Ravindra Dave, who took up the post of Director in October 1979, sought to link research and training more closely. At the same time he set out to build up a network of experts and institutions in order to make the work of the Institute accessible to a wide audience as effectively as possible.
At the end of 1980, a study was launched into the development of learning strategies in post literacy and continuing education provision for neo-literates in developing countries. This project brought together the two areas of particular interest of the Institute, the promotion of education in developing countries and learning as a lifelong process. The project, in which Bangladesh, Brazil, Burma, Cuba, India, Mali, Nigeria, Tanzania, Venezuela and the United Kingdom took part, was greeted with great international interest and was the start of the activities and regional seminars on this topic conducted by UIE between 1981 and 1986 in Hamburg, Caracas, New Delhi and Nairobi.
These research-oriented training seminars were addressed to practitioners who were responsible in their countries for the development and implementation of literacy, post-literacy and continuing education programmes.
from 89 countries took part in these seminars, and management and information systems were set up in 30 countries. Annual inter-regional seminars were held in Hamburg from 1987. The contacts made at this time were brought together in a Literacy Exchange Network.
in the fields of literacy and out-of-school education
One milestone in the history of UNESCO educational activities was the world education conference held in Jomtien, Thailand, in 1990. UIE was assigned a series of follow-up activities in order to implement the call made at the conference for ‘Education for All’. In 1992, for example, UIE carried out an education project on non-formal approaches to primary education, which was specially tailored for developing countries. This was concerned with matters such as the development of methods allowing a single teacher to look after a class of 90 or more pupils. UIE also undertook research into the importance of using the mother tongue in formal and non-formal education. It played a part in evaluating empirical studies on functional illiteracy in eight European and North American, and six Latin American countries.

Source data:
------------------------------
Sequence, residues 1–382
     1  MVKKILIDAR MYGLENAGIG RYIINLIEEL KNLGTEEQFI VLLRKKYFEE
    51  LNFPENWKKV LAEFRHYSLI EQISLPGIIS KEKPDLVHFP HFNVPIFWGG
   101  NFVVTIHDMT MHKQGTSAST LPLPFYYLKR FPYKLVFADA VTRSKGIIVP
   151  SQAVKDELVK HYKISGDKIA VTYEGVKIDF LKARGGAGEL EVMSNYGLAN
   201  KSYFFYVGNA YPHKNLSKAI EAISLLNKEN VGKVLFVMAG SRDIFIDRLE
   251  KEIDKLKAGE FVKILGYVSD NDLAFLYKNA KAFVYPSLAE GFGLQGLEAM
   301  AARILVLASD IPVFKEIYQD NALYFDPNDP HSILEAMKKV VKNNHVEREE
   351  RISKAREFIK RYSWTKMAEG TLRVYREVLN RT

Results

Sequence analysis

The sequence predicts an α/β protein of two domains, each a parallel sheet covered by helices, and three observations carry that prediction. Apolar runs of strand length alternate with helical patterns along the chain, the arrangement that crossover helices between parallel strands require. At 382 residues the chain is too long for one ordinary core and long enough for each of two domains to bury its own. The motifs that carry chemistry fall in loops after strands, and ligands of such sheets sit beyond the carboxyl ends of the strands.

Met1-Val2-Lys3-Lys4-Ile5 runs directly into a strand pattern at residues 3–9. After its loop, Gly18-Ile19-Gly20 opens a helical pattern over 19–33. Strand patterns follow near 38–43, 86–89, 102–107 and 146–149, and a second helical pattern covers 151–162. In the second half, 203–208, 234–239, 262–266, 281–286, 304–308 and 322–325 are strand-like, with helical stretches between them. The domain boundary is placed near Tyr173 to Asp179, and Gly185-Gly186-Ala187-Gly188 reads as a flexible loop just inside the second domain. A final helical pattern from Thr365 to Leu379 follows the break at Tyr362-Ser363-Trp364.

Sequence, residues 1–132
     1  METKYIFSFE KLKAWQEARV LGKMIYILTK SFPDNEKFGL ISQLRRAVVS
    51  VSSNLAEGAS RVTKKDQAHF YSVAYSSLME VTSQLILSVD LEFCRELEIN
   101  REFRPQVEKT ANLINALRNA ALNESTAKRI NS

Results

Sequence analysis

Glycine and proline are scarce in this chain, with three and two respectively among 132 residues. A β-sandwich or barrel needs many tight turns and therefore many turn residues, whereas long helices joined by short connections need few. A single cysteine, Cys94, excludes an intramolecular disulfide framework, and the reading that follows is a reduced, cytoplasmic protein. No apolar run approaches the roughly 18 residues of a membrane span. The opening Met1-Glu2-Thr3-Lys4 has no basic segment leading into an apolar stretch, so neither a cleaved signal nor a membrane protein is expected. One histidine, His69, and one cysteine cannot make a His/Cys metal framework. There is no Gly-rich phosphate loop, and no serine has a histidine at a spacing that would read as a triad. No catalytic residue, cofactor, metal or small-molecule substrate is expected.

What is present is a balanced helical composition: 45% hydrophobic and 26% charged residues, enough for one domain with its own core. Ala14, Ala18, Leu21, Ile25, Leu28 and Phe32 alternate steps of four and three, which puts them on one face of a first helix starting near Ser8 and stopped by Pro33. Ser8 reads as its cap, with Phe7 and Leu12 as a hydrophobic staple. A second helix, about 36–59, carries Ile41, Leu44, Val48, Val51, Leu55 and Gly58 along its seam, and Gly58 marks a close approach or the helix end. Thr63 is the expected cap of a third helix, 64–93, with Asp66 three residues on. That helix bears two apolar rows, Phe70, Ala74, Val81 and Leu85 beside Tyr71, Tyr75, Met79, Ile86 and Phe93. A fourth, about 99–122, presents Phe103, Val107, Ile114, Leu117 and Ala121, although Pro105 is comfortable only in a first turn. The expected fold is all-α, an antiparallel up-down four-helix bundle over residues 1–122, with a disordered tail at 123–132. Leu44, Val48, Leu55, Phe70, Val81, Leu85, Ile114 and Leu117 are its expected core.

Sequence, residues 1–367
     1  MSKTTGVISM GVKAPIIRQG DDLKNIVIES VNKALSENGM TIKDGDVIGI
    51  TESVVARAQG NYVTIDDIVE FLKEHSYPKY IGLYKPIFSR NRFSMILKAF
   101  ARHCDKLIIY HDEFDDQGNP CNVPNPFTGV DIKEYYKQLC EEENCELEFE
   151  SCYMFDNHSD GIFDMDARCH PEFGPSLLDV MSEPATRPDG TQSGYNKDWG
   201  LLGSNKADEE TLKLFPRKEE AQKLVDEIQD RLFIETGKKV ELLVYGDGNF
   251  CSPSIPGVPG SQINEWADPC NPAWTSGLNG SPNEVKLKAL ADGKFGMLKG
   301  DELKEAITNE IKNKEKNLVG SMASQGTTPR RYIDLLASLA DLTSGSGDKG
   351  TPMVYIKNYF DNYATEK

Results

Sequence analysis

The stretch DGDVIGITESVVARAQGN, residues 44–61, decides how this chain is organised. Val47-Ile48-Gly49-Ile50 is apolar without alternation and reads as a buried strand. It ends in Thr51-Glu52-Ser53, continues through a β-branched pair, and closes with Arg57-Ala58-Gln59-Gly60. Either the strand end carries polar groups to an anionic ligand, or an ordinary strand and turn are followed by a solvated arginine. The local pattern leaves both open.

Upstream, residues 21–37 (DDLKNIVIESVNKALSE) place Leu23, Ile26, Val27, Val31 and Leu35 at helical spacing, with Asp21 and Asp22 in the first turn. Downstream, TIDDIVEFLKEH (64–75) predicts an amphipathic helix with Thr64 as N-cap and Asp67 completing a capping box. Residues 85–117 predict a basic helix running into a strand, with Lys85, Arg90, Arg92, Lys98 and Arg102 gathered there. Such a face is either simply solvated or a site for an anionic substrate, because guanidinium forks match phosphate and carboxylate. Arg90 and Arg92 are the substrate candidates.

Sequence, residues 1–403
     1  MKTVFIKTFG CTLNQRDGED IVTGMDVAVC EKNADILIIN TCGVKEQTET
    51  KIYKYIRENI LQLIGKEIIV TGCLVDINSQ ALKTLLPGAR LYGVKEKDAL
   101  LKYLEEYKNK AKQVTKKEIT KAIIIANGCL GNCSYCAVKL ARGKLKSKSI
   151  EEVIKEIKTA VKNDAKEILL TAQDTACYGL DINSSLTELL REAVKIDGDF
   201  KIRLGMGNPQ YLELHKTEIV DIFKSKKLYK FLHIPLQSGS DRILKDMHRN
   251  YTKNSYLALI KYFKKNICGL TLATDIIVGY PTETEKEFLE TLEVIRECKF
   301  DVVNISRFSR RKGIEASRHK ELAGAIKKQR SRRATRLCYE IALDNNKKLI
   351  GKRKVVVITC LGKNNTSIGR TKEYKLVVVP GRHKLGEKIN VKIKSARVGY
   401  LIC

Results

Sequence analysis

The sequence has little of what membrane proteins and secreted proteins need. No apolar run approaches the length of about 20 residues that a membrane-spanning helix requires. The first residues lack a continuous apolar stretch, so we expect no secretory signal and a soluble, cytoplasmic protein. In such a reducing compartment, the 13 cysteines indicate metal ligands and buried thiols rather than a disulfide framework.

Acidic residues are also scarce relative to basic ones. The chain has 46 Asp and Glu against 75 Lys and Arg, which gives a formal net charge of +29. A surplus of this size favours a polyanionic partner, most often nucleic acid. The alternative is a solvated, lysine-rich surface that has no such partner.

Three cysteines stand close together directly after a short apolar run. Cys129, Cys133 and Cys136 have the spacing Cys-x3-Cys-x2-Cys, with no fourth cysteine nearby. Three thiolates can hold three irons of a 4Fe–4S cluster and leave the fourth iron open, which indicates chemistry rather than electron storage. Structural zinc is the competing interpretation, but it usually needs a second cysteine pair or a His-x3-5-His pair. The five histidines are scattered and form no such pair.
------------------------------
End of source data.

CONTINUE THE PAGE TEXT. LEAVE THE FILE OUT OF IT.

UIE was one of the first institutions to call attention to the problem of functional illiteracy in industrialized countries by holding research and information seminars from the mid-80s. Between 1985 and 1988, a series of case studies were conducted on functional illiteracy in Belgium, Germany, the Netherlands and the United Kingdom. A special research series under the title ‘ALPHA’ was devoted exclusively to this topic. In 1990, a seminar was held on functional illiteracy in Eastern and Western Europe, and a year later, a seminar on adult illiteracy in industrialized countries.